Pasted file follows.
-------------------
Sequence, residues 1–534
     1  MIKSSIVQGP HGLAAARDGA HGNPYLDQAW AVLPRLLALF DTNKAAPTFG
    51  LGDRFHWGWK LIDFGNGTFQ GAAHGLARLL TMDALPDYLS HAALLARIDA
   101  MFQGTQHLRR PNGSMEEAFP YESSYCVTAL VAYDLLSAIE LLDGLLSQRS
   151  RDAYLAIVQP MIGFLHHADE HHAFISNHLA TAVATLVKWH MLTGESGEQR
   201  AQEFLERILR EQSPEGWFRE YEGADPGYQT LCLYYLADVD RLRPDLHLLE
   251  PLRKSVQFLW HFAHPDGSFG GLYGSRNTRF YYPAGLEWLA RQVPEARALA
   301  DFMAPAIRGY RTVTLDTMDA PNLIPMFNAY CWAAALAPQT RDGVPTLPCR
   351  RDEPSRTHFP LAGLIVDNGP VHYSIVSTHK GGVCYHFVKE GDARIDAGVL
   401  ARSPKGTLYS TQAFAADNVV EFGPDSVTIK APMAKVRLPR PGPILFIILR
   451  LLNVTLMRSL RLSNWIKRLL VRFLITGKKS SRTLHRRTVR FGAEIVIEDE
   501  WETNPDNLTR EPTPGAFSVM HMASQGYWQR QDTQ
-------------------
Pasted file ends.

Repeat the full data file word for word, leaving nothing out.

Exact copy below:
Sequence, residues 1–534
     1  MIKSSIVQGP HGLAAARDGA HGNPYLDQAW AVLPRLLALF DTNKAAPTFG
    51  LGDRFHWGWK LIDFGNGTFQ GAAHGLARLL TMDALPDYLS HAALLARIDA
   101  MFQGTQHLRR PNGSMEEAFP YESSYCVTAL VAYDLLSAIE LLDGLLSQRS
   151  RDAYLAIVQP MIGFLHHADE HHAFISNHLA TAVATLVKWH MLTGESGEQR
   201  AQEFLERILR EQSPEGWFRE YEGADPGYQT LCLYYLADVD RLRPDLHLLE
   251  PLRKSVQFLW HFAHPDGSFG GLYGSRNTRF YYPAGLEWLA RQVPEARALA
   301  DFMAPAIRGY RTVTLDTMDA PNLIPMFNAY CWAAALAPQT RDGVPTLPCR
   351  RDEPSRTHFP LAGLIVDNGP VHYSIVSTHK GGVCYHFVKE GDARIDAGVL
   401  ARSPKGTLYS TQAFAADNVV EFGPDSVTIK APMAKVRLPR PGPILFIILR
   451  LLNVTLMRSL RLSNWIKRLL VRFLITGKKS SRTLHRRTVR FGAEIVIEDE
   501  WETNPDNLTR EPTPGAFSVM HMASQGYWQR QDTQ